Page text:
With self-timers available from the late 1880’s and cable release equipment prior to this, allowing images to be taken from a distance, the selfie is certainly not a new phenomenon. But it has changed in sophistication, ease of taking and availability of recording equipment with most people having access to a half decent mobile phone camera – with front facing camera mode – and the ability to edit and upload this instantaneously to social media and websites.
Sharing of self-portraits also pre-dates the internet. The 1860s saw huge popularity for the sharing of cartes de visite – little photocards. Even the photo booth dates back as far as 1880, and attracted groups of friends much as it does today. (2)
The question still persists: is it vanity and narcissism or a cry for attention and a deep desire to be approved of, admired or simply acknowledged. With ‘selfie sticks’ described as a ‘narcissistic scourge on society’ (3) and websites dedicated to showing selfies taken in inappropriate locations such as at funerals, there are inevitably going to be moral questions to answer. But on the whole, the selfie seems superficial and innocent; allowing the publisher to create their own timeline narrative; yearly, weekly, daily or as often as they feel compelled to. New Yorker Jason Feifer’s search of databases of selfies with people recording themselves with a backdrop of a homeless man or a Holocaust memorial does not appear to judge the intention as he states that people may just want to record where they have been, but he asks the inevitable question of what is necessary:
“This is a thing that people do – and when you see it in aggregate it takes on a meaning. For the first time in human history, we have the ability to share whatever we see, whenever we see it,” he says. “We are still figuring out what value that is, and what is supposed to be shared – maybe everything should be shared, maybe nothing should be shared.” (4)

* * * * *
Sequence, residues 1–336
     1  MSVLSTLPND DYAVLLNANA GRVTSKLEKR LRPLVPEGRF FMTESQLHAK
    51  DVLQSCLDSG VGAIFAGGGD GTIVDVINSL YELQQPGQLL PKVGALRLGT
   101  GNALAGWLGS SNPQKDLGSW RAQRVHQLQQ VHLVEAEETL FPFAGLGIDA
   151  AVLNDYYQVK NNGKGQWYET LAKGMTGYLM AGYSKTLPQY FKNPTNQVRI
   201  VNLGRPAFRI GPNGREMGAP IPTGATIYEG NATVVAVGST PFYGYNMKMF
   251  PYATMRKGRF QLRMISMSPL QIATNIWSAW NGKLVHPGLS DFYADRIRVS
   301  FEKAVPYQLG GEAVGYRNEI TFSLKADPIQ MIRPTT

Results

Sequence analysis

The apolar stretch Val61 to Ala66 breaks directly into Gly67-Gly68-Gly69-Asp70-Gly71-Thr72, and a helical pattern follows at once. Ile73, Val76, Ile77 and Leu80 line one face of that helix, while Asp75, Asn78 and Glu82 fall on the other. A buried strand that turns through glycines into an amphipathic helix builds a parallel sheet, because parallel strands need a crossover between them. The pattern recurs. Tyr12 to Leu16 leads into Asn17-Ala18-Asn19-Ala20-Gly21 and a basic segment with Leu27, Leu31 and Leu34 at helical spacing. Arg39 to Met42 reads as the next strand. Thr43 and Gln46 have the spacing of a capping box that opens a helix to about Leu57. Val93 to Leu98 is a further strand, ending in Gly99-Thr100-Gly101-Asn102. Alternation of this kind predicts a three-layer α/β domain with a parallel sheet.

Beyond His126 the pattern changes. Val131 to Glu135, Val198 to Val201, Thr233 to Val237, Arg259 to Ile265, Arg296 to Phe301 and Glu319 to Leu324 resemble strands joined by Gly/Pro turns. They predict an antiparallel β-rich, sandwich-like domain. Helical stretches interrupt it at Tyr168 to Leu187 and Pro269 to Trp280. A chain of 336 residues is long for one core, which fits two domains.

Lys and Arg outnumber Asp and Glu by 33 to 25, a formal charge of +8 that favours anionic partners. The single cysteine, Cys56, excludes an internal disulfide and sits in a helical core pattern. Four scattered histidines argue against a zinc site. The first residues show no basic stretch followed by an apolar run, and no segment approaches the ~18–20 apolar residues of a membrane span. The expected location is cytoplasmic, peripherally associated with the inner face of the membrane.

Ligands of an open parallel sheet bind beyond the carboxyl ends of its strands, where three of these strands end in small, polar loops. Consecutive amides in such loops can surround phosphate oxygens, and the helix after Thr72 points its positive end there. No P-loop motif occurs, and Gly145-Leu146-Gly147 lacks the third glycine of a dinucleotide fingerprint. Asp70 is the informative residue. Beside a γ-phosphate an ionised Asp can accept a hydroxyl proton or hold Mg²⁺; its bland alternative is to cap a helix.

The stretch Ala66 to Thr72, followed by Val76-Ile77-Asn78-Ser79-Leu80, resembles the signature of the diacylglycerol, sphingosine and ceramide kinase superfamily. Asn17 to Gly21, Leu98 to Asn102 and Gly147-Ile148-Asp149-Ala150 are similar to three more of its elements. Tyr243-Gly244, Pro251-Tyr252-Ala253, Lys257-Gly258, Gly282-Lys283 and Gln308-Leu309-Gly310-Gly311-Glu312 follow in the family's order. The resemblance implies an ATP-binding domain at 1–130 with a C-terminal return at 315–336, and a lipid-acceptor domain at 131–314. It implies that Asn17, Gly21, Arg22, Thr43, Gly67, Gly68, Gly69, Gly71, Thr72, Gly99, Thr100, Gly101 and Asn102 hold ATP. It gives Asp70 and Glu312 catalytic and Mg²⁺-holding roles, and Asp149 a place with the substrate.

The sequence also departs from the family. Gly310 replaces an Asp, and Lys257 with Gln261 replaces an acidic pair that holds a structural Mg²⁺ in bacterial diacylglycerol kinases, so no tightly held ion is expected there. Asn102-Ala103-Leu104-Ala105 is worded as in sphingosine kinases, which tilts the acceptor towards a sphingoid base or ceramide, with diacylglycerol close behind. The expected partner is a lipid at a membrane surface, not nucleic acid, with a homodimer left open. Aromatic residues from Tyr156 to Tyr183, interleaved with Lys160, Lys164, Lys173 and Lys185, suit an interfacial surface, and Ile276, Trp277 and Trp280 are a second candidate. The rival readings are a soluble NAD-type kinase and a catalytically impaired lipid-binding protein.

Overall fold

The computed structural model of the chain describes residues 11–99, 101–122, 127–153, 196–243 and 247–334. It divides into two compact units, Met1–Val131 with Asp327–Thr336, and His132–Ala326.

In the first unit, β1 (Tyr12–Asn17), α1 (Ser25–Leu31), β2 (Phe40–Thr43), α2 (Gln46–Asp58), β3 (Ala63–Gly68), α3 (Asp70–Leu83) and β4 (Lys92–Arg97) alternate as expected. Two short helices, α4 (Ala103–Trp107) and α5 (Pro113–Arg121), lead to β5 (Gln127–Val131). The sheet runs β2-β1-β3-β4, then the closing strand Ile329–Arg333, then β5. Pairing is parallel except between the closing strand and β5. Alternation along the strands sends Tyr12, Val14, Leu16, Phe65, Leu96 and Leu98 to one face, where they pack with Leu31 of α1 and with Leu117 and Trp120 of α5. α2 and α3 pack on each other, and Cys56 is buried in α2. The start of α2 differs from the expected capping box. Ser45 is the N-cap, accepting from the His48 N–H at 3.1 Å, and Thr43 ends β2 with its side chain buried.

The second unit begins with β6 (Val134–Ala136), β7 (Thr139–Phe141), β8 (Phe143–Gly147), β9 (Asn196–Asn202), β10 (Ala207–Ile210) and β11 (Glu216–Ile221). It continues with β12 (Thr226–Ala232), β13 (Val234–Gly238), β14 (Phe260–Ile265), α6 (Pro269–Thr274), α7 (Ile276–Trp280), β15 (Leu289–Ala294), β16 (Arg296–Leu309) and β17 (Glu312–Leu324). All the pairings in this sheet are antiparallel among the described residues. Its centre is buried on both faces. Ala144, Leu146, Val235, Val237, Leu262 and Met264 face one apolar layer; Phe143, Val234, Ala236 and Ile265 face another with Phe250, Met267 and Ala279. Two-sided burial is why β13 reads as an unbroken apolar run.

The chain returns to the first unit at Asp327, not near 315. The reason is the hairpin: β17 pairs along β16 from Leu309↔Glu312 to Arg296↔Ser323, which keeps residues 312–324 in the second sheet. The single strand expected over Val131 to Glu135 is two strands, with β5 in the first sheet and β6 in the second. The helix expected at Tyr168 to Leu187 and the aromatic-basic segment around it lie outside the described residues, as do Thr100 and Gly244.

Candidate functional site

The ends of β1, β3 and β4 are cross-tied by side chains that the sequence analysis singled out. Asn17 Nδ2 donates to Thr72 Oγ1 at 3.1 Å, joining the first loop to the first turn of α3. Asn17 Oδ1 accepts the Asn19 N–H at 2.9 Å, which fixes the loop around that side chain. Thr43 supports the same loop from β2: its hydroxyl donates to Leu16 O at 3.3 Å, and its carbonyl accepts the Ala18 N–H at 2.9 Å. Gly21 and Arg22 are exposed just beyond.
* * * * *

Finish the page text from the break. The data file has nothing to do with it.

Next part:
Photo Op – Kennard Phillips
In a recent lecture Caroline Wright asked us to think about the Art Gallery as destination. We acknowledged that for many this is not a physical place any more, and that the online gallery, blogs and artist run spaces allow everyone to feel tangibly closer to ‘being an artist’. And why should the average selfie-taker not feel that their carefully angled and lit self-portrait could be up on the virtual wall alongside the best works in the National Portrait Gallery? As the world opens up virtually and the access to visual media and contemporary methods of constructing digital portraiture become more readily available, it is possible for everyone to feel their own inner David Bailey as they strike a pose and click away. The reality is that few of these images are well shot, lit or composed. They are the musical equivalent of the tin whistle playing alongside the orchestra. However, the tin whistle may also have a huge twitter following, a million friends on Facebook or an international Youtube audience. Does this make the celebrity an Artist? Is the internet the portrait gallery of the 21st Century.
Sir Francis Bacon wrote “no matter how much a painter may try, through geometry or eclecticism to elevate his art above his own particular tastes, his product will remain reflections of himself and, as such, cannot be universally binding.” (5)
Taste, preference and interpretation. The selfie also acts as a signifier of social identity. In this respect it is the contemporary artist who gives the photographic self-portrait critical distance; asking the audience to question the image, perhaps even exploring the notion of the selfie itself by removing the subject, or by adding ambiguity; ‘the artist’s self-examination is multi-layered’(7)
Venus – Petrina Hick
[..] the centrality of narcissism in typical twentieth-century views of photographic self-portraiture has recently started losing ground to systems of interpretation inherited from painting and the growing emphasis on the superficial use of the genre. (6)
- The Moment of Self Portraiture in German Renaissance Art; Joseph Leo Koerner P.187
- Narcissism and Narativity in Photographic Self-Portraiture; Elisavet Kalpaxi, Goldsmiths 2012